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Re: Initialization in X++

(The misplaced missive)

Please note that I'm posting the following to invite comments, mainly
on the semantics and any roadblocks, not proposing to immediately do it.

> From eric@son-of-blob Mon Apr 16 17:01:09 1990
> With the introduction of the initTime hook in smalltalk, we have once
> again found a situation where C++'s static initialization and its random
> order is not good enough.  Some time ago, Markm proposed a mechanism to
> have a list of functions to perform at initialization, but after the static
> stuff.  With this new round, I've gone and implemented such a creature.
> Note, however, that presently I don't have a hook to specify the order of
> execution of these initializers.  What is guaranteed is that, if used as
> indicated below, they will all execute after static initialization is
> complete.

This got me thinking about how to specify order.  The obvious approach
would be to say something like:

 	INIT_AT(initGeneration, initName, { code });

where initGeneration is an integer specifying in which of several sets
of initializations to include initializing initName.

Unfortunately, this still leaves initialization order specifiation as
a problem requiring global knowlege, and inviting hairy global bugs.

A little thought led through schemes specifying order in terms of
relationships to previously-specified initializations ("Do me
before/after/same-time-as him.") to the following realization:

  Most (if not all) initialization order constraints arise from
  an ininitializer's own need for prior initialization of one or
  more resources which it uses, and therfore IS ALLOWED TO KNOW

I.e., Foo() might need to happen after Bar() and Baz() (which Foo()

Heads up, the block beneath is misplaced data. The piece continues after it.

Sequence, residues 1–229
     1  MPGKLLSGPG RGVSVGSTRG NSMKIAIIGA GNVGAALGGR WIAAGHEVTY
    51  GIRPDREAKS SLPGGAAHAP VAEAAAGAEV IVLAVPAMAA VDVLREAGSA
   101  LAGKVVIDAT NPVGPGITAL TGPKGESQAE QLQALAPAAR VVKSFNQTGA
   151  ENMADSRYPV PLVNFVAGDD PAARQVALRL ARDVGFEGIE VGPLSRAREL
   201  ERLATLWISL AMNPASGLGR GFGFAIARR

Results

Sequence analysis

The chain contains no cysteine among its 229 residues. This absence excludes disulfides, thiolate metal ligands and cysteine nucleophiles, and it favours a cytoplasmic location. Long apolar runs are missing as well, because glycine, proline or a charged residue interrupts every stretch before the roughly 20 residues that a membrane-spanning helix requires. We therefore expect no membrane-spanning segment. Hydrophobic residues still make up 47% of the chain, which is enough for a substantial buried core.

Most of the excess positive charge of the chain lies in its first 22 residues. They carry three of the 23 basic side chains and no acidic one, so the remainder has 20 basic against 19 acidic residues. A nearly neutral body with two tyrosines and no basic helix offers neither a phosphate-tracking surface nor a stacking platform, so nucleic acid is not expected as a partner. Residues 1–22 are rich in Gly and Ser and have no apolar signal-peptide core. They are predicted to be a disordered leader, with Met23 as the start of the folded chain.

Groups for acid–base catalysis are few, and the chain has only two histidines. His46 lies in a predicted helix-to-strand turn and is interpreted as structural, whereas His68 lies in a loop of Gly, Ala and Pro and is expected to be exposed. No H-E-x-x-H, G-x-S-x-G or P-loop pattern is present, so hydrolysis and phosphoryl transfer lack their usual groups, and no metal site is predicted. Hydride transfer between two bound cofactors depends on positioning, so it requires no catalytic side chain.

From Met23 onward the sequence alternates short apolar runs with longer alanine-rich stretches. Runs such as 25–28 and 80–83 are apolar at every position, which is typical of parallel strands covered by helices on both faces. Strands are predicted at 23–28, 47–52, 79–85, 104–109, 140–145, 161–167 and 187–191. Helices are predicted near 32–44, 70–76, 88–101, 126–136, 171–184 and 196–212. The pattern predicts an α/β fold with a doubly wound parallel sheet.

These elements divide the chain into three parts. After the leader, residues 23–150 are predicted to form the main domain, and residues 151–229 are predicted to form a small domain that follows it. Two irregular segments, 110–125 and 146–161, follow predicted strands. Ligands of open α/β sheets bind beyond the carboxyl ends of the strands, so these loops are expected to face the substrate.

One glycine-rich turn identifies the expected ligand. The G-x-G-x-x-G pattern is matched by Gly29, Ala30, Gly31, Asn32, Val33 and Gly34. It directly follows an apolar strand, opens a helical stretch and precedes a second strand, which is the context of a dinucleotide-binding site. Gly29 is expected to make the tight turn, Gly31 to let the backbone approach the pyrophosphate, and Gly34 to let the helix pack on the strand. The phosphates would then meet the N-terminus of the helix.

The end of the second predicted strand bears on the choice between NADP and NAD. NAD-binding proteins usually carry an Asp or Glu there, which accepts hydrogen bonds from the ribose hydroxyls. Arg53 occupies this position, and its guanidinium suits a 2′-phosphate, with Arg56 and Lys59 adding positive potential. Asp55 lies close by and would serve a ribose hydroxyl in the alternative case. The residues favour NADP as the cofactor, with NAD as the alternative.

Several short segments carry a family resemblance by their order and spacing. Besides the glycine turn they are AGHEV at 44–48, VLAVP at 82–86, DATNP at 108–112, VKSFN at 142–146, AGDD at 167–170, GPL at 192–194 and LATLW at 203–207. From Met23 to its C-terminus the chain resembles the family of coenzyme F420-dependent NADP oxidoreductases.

knows), but Baz() might need to happen after MemAlloc(), (which Baz()
knows but Foo() does not).


  The initialization of the required resource need not take place
  until immediately before its first use.

Therefore, it might be possible to write a macro AFTER(initName) that:

 - Checks whether the initName resource is initialized, and if not:
    - Forces its immediate initialization, and
    - Prevents later reinitialization by the normal initialization process.

Which (in c++) would be used like this:

Foo(...)		// Constructor called to init the Foo resource
	(first use in Foo() of Bar resource)
	(first use in Foo() of Baz resource)

The initialzers could then be executed in any order by the underlying
c++ or smalltalk initialization process, and they would impose any
necessary constraints themselves.

Unanswered questions and possible downsides:

 - Can initialization of such a resource be detected, both for the
   necessary test in AFTER() and so the normal initialization process
   can avoid multiple-initialization of resources?

 - Are the hooks available for forcing initialization?

 - This might require support-library internals-hacking or
   internals-knowlege, locking us more firmly to cfront2.0-based
   C++ platforms.

 - (Putting the initialization-forcing code in the routines that
   manipulate the resources, rather than their callers, would hide
   knowlege even more elegantly and further enhance reliability,
   but it would also impose overhead on run-time use of the resources,
   wouldn't work for virtual member functions, etc.  Flavoring the
   routines (init-time vs run-time) could eliminate run-time overhead,
   but that puts the knowlege that initialization is needed back into
   the callers.)

	Whaddya think?